Families across the nation are feeling the economic impacts of COVID-19, with unemployment rates peaking at an all-time high of 14.7% in April. As a result of this, state revenues have taken a significant hit, thus leaving policymakers wondering how states and districts will adequately fund school operations and the many unknown student supports that are sure to be necessary, but for which we currently have no accurate cost assessment for the coming school year.
This week we were joined at the Intersection by Glenn Hegar, Texas Comptroller of Public Accounts, Nancy Williams, Chief Finance Officer and Deputy Superintendent of the South Carolina Department of Education and Dr. Thomas Taylor, Deputy Superintendent of Chesterfield County Public Schools in Virginia. This panel of district- and state-level experts offered diverse perspectives on how school finance practitioners may be adjusting their approach in the midst of the budgetary challenges brought on by the COVID-19 pandemic.
State Education funding models are as variable as they are complex. While South Carolina, Texas, and Virginia differ in the way each state funds its education system, it is clear that the economic impact of COVID-19 will put a strain on systems regardless of whether or not they are funded primarily at the state or local level.
As states and districts are approaching their budgets for the 2020-21 school year, many are doing so with an eye toward lessons learned from school closures in 2019-20. With an increased focus on ensuring student’s basic needs are met, including nutrition along with physical and mental health needs, districts are seeking to decrease the barriers to learning for all of their students.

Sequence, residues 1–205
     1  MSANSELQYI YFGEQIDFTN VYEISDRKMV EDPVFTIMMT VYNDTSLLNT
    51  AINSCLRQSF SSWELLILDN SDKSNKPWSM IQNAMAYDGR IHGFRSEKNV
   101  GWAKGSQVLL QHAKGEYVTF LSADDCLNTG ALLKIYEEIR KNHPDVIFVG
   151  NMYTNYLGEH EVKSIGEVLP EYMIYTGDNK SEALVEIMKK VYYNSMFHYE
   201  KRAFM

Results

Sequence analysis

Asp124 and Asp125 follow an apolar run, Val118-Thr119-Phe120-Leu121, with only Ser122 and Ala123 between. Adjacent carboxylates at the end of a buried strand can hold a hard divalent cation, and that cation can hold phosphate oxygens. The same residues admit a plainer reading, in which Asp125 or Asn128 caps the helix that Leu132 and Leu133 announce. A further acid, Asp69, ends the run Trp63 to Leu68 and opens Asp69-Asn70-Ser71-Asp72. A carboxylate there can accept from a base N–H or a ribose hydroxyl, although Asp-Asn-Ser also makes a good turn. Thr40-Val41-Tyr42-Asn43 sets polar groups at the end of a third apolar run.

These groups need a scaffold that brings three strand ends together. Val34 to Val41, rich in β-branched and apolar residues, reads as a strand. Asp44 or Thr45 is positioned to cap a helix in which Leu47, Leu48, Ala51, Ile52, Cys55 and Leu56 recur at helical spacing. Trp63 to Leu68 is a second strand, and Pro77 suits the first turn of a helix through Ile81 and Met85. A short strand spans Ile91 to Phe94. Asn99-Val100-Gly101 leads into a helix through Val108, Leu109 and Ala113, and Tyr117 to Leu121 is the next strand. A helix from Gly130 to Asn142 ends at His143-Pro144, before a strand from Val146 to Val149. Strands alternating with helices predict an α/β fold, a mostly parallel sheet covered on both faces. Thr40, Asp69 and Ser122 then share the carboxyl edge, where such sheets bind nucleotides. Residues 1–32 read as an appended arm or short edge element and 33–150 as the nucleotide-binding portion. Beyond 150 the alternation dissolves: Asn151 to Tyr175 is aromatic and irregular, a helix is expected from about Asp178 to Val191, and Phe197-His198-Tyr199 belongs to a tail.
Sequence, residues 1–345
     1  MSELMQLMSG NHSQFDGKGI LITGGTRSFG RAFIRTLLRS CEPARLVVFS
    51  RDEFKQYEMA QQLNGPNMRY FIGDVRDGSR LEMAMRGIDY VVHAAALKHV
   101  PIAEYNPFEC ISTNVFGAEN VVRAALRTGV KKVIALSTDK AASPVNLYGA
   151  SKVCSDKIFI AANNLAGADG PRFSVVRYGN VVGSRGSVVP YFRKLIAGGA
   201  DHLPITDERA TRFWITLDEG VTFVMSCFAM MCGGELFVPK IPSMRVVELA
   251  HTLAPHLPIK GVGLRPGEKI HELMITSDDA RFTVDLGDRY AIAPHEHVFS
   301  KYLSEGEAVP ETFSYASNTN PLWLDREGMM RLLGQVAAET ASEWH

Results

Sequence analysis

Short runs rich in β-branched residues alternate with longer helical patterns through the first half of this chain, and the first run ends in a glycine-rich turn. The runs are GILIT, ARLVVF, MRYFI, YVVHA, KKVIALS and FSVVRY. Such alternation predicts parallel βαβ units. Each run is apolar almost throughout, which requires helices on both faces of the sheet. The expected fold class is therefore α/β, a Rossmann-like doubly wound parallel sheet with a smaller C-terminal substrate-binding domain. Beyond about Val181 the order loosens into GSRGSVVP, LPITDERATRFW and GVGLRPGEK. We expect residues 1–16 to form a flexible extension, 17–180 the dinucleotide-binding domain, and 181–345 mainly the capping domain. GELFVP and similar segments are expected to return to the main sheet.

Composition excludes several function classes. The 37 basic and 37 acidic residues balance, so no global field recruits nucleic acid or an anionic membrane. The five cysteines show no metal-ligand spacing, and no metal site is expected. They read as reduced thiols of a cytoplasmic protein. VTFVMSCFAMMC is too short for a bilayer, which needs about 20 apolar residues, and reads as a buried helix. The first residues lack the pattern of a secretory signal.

Staffing is typically the largest budget item in education, and states and districts differ in how these positions are allocated. This cost will likely grow as schools are considering social distancing policies once in-person learning resumes.
The increased demand for personal protection equipment and cleaning supplies needed to safely reopen schools in the fall requires additional state-level support to ensure districts can acquire these items in the face of continued supply chain challenges.
Districts must be intentional about how they are spending federal relief funds. While the federal government has given broad discretion in how COVID relief funds may be spent, documentation of this spending will be key to ensure that districts are not required to pay back funds as a result of improper allocation.
States and districts should consider implementing methods to track their use of funds and their impact, including disaggregating data to ensure initiatives are addressing issues of equity.
Equity must be at the forefront of decision making at the state and district level. Ensuring that schools are equitably funded has been an issue nationwide for decades, and states and districts should see this as an opportunity to be innovative and strive to develop new funding models such that all students have access to a high quality education.
To find out more about Comptroller Hegar, Deputy Superintendent Williams, and Dr. Taylor’s perspectives on how states and districts are approaching K-12 Finance in the COVID-19 era, please check out the full conversation below.